For sheer beauty and swinging mastery of melodic improvisation it almost doesn't get any better than what Coltrane does here on tunes like Be-Bop, Bags & Trane, Stairway To The Stars, etc...

And no, I am not forgetting about the rest of the band. Paul Chambers is brilliant on this cd. Milt also shows what he was made of on this cd, and he was made of some very fine stuff. What someone thinks of this cd overall may well depend on what they think of the vibraphone. If you don't like vibraphone then you may wish Milt Jackson wasn't on this, but if you do like it then this really is a classic recording.
Read more ›
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15 of 16 people found the following review helpful By Douglas LaRose on April 10, 2002
Format: Audio CD
This is a very nice disc. Milt Jackson on Vibraphone calls for some funky type of riffs that seem to crescendo once or twice per solo. What is nice is that usually it will be Coltrane and Jackson back to back, leaving each other a lot of room to do individual solos, and then they will come in together very triumphantly. "Stairway to the Stars," the first track in the disc (but not on the originally LP release) is a very nice, mellow track which is perfect for a nice dinner.
I do recommend, however, that rather than buying this album you purchase "The Heavyweight Champion: John Coltrane, The Complete Atlantic Recordings." This 7-CD set may be a little pricy but you get all 10 of Coltranes Atlantic recordings plus a disc of all of the outtakes. The Bags & Trane sessions are particularly emphasized on the box set, so you get much more than you would just buying "Bags and Trane."
Enjoy
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8 of 8 people found the following review helpful By George H. Soule on November 5, 2002
Format: Audio CD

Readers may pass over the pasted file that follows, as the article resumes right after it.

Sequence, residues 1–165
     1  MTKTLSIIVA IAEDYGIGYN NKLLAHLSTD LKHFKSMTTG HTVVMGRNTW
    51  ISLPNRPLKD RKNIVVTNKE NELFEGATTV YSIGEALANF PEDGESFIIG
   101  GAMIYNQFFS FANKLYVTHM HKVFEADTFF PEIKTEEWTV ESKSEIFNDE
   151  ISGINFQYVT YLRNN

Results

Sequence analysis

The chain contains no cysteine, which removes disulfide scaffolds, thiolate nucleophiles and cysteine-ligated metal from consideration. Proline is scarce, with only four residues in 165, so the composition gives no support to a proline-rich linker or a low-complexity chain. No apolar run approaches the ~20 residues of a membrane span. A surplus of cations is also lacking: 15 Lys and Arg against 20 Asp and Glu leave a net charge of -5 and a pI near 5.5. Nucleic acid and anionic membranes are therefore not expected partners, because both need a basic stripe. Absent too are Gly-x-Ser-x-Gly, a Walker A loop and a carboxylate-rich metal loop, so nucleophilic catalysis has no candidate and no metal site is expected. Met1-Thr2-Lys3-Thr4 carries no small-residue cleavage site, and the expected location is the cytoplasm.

Milt Jackson and John Coltrane complement one another marvelously in this collection of quintet recordings from 1959. The rhythm trio features Hank Jones on piano, assisted by Paul Chambers on bass and Connie Kay on drums. Jackson is here in familiar territory with a group that isn't far from MJQ. The differences are Coltrane and the interplay. The disc commences with a bonus track, the standard "Stairway to the Stars." Here is Coltrane in his best ballad form, excercising restraint and what is as close to lyrical as he gets. Milt Jackson spins his filligrees, nets of sound, as usual, and Coltrane answers seemingly from a distance, with clarity. The next track is Bags' "The Late Late Blues," a simple theme that Coltrane explores in his legendary sheets of sound. His clarity is such that you can hear the patterns evolve within the sheet. Paul Chambers' bass is prominent both in its steady line and in solo. "Bags & Trane" begins with a simple call and response. Bags' intricate solo is followed by Trane's brief statement, again exemplary of his improvisational skill. Hank Jones piano solo proceeds Paul Chambers' arco solo followed by traded breaks by Bags and Trane. "Three Little Words" is a mid-tempo tune that cooks. It begins with Bags' statement of the theme and then Trane establishes the groundwork for his solo and goes to the invention--arabesque variations built on the theme. Trane's solo here is exemplary--worth studying for insights into his method. Jackson's extended solo illustrates his inventiveness and Hank Jones continues into traded fours between Trane, Connie Kay, and Bags. Which leads one to extoll Connie Kay's gifts. Here is a consumate professional at work. He is delicate and tasteful when necessary, but he swings explosively as well.Read more ›